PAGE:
I have order’d eight or Ten light Horse more to your assistance, and if you should find a further force necessary to facilitate the business you are upon, there are fifty or sixty dismounted No Carolinians attach’d at present to Colo. Nicholas Corps. These must be subject to your order. I have been just now inform’d, that there are not less than three thousand pair of Shoes in the hands of...
[ Fort Mifflin on Mud Island in the Delaware River ] October 15–19, 1777 . Discusses defences of Fort Mifflin and the British attack on the fort. Copy in writing of John Laurens, George Washington Papers, Library of Congress. MS which is headed “Substance of Captain Fleury’s Letter to Col. Hamilton” can be found in a journal kept by Fleury from October 15 to November 8, 1777. François Louis...
The Magazine of History , VI (November, 1907), 294. This letter is listed here because it is attributed to H in The Magazine of History . Actually it was written by Robert Hanson Harrison for Washington to Brigadier General James Potter and is printed in GW John C. Fitzpatrick, ed., The Writings of George Washington (Washington, 1931–1944). , IX, 408–09.
Fort Mifflin [ on Mud Island in the Delaware River ] October 26 [ 1777 ]. Discusses plans for defence of Fort Mifflin. ALS , MS Division New York Public Library. This letter is in French. There is no addressee on the MS. In unidentified handwriting on the last page the following is written, “Col Hamilton Col John Larens.” The contents of the letter indicate that it was written to someone at...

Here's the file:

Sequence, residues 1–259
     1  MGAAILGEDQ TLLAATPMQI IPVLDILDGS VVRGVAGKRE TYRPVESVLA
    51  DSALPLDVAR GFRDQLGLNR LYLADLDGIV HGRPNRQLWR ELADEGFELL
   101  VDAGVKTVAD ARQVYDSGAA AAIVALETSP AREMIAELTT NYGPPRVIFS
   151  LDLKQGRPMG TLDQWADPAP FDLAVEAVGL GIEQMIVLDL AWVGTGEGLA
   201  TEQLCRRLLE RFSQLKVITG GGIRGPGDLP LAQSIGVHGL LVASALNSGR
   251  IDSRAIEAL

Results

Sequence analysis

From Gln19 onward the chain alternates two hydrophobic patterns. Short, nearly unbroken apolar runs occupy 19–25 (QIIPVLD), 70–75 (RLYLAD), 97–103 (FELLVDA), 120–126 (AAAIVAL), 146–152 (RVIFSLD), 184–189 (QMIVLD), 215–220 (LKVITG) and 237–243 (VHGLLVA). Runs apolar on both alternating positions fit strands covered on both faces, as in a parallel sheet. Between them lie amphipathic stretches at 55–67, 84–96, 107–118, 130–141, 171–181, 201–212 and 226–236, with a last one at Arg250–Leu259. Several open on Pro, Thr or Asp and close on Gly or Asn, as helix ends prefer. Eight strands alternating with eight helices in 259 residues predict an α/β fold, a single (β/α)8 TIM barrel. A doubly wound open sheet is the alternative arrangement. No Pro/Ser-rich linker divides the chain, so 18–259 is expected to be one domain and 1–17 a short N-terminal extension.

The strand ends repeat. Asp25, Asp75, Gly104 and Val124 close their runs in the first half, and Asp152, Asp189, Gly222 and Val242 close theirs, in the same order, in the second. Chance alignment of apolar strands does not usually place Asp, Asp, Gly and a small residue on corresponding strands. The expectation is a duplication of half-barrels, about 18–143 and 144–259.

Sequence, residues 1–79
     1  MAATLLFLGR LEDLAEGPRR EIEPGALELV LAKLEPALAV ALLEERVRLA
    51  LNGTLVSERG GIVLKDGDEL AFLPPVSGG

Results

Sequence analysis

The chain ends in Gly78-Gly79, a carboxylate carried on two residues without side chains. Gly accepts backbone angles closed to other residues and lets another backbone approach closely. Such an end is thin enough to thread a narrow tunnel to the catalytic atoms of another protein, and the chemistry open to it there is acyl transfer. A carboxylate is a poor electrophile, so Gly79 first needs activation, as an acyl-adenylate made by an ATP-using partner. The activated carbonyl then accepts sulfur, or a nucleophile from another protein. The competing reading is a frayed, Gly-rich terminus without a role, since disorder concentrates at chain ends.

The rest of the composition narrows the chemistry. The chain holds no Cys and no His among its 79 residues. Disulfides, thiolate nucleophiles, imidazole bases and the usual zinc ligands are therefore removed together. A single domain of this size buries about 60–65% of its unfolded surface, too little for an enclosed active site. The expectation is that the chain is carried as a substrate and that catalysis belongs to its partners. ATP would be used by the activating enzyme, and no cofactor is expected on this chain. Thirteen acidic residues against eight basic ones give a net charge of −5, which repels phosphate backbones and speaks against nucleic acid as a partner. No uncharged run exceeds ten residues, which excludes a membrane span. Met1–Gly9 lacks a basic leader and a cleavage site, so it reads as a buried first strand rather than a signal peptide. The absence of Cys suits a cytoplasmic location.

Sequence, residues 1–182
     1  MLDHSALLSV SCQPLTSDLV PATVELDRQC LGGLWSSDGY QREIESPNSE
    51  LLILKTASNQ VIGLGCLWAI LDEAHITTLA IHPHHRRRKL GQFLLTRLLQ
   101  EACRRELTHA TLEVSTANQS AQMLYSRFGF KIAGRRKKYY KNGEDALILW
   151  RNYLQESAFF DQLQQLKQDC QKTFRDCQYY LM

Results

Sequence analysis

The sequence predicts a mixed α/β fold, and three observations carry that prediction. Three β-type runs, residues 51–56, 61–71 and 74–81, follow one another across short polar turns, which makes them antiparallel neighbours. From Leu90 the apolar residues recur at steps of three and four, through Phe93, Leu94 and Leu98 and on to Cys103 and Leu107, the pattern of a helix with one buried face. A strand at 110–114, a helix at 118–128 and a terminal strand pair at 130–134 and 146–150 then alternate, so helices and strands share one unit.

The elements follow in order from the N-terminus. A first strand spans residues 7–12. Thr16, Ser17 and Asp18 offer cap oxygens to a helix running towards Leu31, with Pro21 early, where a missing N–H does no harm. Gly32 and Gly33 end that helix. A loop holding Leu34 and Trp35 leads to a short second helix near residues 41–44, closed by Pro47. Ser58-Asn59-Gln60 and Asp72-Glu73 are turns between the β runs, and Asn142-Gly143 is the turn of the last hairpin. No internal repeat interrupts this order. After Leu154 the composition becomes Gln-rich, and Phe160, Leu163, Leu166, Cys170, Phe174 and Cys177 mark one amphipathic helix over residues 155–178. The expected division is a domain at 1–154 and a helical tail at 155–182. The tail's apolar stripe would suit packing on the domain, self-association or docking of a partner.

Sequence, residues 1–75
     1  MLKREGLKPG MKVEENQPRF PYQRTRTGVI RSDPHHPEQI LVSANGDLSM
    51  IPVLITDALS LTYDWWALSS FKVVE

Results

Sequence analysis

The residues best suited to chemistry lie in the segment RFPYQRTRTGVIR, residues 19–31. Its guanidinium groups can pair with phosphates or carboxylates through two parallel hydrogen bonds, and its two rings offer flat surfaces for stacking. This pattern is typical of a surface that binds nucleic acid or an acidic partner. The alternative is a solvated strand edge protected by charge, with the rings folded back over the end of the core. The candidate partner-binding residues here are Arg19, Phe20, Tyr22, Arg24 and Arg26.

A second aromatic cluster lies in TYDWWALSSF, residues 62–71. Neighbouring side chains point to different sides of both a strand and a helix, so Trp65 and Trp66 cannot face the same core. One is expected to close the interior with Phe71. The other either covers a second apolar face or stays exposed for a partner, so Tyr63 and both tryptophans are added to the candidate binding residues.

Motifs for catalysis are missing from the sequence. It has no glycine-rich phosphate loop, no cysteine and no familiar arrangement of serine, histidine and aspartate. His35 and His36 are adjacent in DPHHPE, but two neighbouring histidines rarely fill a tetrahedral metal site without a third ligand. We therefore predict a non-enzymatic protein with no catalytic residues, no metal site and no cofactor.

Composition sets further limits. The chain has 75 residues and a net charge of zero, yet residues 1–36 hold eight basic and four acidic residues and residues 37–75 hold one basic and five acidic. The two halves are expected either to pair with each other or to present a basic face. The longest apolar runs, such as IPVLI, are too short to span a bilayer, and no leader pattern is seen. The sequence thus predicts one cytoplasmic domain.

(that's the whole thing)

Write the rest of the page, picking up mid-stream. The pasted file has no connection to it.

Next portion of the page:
[ Fort Mifflin on Mud Island in the Delaware River ] October 26, 1777 . Describes the situation at Fort Mifflin. Expects an assault. Copy, in writing of John Laurens, George Washington Papers, Library of Congress. John C. Fitzpatrick in his Calendar of the Correspondence of George Washington with the Officers John C. Fitzpatrick, Calendar of the Correspondence of George Washington, Commander...
[ Fort Mifflin on Mud Island in the Delaware River ] October 28, 1777 . Expects an attack on the Fort. Describes the victory of October 23, 1777. Copy in writing of John Laurens, George Washington Papers, Library of Congress. Fitzpatrick in his Calendar of the Correspondence of George Washington with the Officers John C. Fitzpatrick, Calendar of the Correspondence of George Washington,...
It having been judged expedient by the Members of ⟨a⟨ Council of War held yesterday, that one of the Gentlemen of my family should be sent to Genl: Gates in order to lay befor⟨e⟩ him the State of this Army; and the Situation of the Ene⟨my⟩ and to point out to him the many happy Consequences that will accrue from an immediate reinforceme⟨nt⟩ being sent from the Nothern Army; I have thought ⟨it⟩...
[ Fort Mifflin on Mud Island in the Delaware River ] November 2–3, 1777 . Describes the erection of a battery on the British ship Augusta. Complains of his lack of authority at the fort. Copy in writing of John Laurens, George Washington Papers, Library of Congress. This MS is entitled “Major Fleury’s Journal and Letter to Colonel Hamilton.” Fitzpatrick in his Calendar of the Correspondence of...
[ Fort Mifflin on Mud Island in the Delaware River ] November 4–8, 1777 . Acknowledges receipt of “His Excellencys order authorizing me to exercise the functions of Engineer at Fort Mifflin.” Copy in writing of John Laurens, George Washington Papers, Library of Congress. Fitzpatrick in his Calendar of the Correspondence of George Washington with the Officers John C. Fitzpatrick, Calendar of...